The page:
Another arrest in Green Vault Heist

German Police told media early this morning, another suspect linked to the spectacular Green Vault Heist was arrested. They are still looking for his twin brother.

As plenty of you remain interested: Guardian has a short article: Fugitive Twin arrested; as does Deutsche Welle: Dresden Green Vault heist.

A day later: German police raid various addresses over the Canadian Gold Coin theft.

If you kept track of developments and read reports, you know members of the same gang that robbed Dresden’s Green Vault, were involved in the theft from Berlin’s Bode Museum.

Guardian: Berlin police raid homes
Deutsche Welle: German police launch raid

Canadian coin exhibited at Bode Museum likely melted down after theft.

Museums: some opened, others remain closed

In some European countries, museums are open again. In Germany, it depends on policies of individual states, but quite a few museums are open. Luxembourg is taking things step by step. In Belgium, many museums reopened per Monday or Tuesday 19th of May. The Netherlands follows its neighbours: most museums reopen per June 2020.

Continue reading

Just imagine

While Trump claimed he had been vindicated – and therefore his Russian headache and cloud had lifted (fake news and alternative facts, as usual) … While Theresa May had created a big, huge, enormous splitting headache – for herself, her party, plenty voters who had supported her … I accidentally hit upon a very bad idea.

Continue reading

Book review: “Nina Schenk” by Konstanze von Schulthess

This is an interesting biography, written by a daughter about her mother and family. So what? Well: nearly everybody is familiar with the husband and father. Hardly anybody is interested in the mother, wife, family of the man who tried to blow up Hitler.

Continue reading

Meet the author: Karin Kalisa and her novel “Sungs Laden”

It just failed – only just – to snow. So it was a relief to enter the warm venue, peel of the wet and heavy winter coat and take a seat. What I and quite a few others were unaware of: we would shortly head for Vietnam! Not physically, but through Karin Kalisa’s new novel.

Continue reading

Meet the author: Stephanie Bart and “Der Deutsche Meister”

Totalitarian states usually need to destroy, reinvent, rewrite, in an attempt to support their distorted views and right to exist. A recent example is IS and a less recent one is Nazi Germany.

Deutsche MeisterStephanie Bart’s novel “Der Deutsche Meister” is based on historic events. It describes how the Nazis nearly got away with obliterating all traces of a sporting match. In 1933, Johann Wilhelm Trollmann won his country’s middle weight boxing title and became “Deutsche Meister” – boxing champion.

In 1933, the Nazis were already so powerful, they were able to manipulate and control practically everything and everybody. Trollmann was a Sinto. To Nazis it was of course unthinkable that a non-Aryan won sporting matches and titles. It did not fit their values, ideas, ideology.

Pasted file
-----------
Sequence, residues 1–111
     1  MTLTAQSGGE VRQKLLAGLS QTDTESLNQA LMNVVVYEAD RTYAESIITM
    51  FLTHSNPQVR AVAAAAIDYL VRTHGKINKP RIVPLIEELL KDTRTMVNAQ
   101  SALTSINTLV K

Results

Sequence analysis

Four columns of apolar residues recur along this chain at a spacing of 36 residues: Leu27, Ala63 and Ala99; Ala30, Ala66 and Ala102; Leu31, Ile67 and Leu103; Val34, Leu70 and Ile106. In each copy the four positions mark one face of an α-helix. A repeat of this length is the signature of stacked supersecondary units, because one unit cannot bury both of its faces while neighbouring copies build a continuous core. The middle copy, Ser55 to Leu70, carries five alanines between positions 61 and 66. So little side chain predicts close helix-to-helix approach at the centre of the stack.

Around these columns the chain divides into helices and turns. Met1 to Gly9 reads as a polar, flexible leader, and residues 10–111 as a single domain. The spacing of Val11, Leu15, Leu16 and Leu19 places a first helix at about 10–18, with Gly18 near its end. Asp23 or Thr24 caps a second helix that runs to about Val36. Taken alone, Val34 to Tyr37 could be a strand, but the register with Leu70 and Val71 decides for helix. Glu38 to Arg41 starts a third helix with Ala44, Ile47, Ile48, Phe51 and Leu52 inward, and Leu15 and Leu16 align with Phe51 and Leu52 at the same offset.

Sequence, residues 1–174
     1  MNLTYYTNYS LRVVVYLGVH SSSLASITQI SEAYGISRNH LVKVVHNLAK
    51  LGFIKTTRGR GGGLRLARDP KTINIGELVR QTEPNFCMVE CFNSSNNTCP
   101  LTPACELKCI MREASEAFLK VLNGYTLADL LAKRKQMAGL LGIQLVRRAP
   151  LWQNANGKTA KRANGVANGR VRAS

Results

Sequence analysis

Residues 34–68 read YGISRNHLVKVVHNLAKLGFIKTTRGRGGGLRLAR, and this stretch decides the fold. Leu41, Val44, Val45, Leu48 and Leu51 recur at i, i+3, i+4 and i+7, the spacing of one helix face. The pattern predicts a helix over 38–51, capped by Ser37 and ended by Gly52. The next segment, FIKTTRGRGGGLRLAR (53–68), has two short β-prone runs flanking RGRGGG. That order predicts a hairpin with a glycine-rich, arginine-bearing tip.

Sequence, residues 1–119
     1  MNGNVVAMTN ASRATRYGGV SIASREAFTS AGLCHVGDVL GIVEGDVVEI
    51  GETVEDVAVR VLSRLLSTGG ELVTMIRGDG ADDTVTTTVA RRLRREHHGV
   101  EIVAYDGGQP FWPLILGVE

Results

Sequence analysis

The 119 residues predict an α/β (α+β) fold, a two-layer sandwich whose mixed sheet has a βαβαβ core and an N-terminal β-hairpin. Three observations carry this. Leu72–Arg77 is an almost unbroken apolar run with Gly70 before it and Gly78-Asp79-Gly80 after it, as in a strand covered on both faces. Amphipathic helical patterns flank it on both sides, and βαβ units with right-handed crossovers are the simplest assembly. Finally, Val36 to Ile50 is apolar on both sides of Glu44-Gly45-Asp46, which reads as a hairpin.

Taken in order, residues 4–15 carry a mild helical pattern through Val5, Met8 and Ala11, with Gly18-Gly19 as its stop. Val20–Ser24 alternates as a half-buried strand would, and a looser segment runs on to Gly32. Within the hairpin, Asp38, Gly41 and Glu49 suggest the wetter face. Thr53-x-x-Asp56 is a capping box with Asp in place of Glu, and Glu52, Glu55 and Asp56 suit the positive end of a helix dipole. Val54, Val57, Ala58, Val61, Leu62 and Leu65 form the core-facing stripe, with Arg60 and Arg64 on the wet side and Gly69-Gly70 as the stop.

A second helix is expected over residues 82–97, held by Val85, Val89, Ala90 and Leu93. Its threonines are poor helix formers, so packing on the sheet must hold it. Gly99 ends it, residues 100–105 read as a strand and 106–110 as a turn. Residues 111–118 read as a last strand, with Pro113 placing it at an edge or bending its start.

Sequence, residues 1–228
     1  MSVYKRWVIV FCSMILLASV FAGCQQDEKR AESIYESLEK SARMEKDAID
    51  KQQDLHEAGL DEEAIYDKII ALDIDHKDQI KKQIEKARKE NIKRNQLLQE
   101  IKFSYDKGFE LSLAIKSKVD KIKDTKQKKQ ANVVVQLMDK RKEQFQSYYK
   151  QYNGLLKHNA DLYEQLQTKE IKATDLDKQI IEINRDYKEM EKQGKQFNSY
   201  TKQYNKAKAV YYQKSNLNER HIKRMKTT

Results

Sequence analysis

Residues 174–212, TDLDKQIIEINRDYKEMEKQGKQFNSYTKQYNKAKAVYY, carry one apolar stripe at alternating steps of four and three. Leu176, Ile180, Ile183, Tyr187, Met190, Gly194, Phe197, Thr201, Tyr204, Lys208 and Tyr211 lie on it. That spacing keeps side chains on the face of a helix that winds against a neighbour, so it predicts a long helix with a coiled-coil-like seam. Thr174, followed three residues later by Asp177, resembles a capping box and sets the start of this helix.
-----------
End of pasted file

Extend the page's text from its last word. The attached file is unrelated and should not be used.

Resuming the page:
Once you’ve read this book, which only records part of the 1933 events, you’ll be aware this is an example of incidents which took place and are still taking place under regimes throughout the world. The human suffering caused by such self-aggrandisement, ruthless egoism and opportunism, manipulation and justifications of distorted ideas, opinions and views – is of course immense.

This is not Stephanie Bart‘s first novel. In 2009, “Goodbye Bismarck” appeared. A year later, so ms Bart told her audience during a “meet the author”- event, she read three sentences about a temporary memorial. The topic lodged itself firmly in her brain.

She explained she usually needs at least a year to mull over a book topic. This is followed by extensive research. In this case: trying to find people to talk to, gather information, learn about boxing, taking up boxing, watching a great many boxing matches. All this turned ms Bart from a totally non-boxing fan into a firm admirer of this ancient sport.

Writing the novel took her another two years. “Der Deutsche Meister” appeared in 2014. It was awarded the Rheingau Literatur Preis 2014.

The novel records events just before and after Trollmann wins his match against the Nazi favourite in 1933. It shows how Nazi supporters tried to block him being awarded the title. The novel ends just before another Nazi-fixed match will take place, which Trollmann is supposed to lose.

Stephanie Bart did go shortly into what happened to Trollman afterwards. He divorced his wife, to try to give her and his daughter a chance to survive the war. They and a few other family members did.

Trollmann himself was drafted into the German army, arrested in 1942, and – as is so often the case under totalitarian regimes – interned under a false name so he could be declared dead. In 1944, an SS-Kapo actually beat him to dead.

During this “meet the author” event, ms Bart read from her book. It contains humorous and highly entertaining scenes. The description of the boxing match is of course fabulous. The scenes which erupt when it becomes clear the Nazi supporters did not want to award the title to Trollmann, show violence by present-day football hooligans is not new.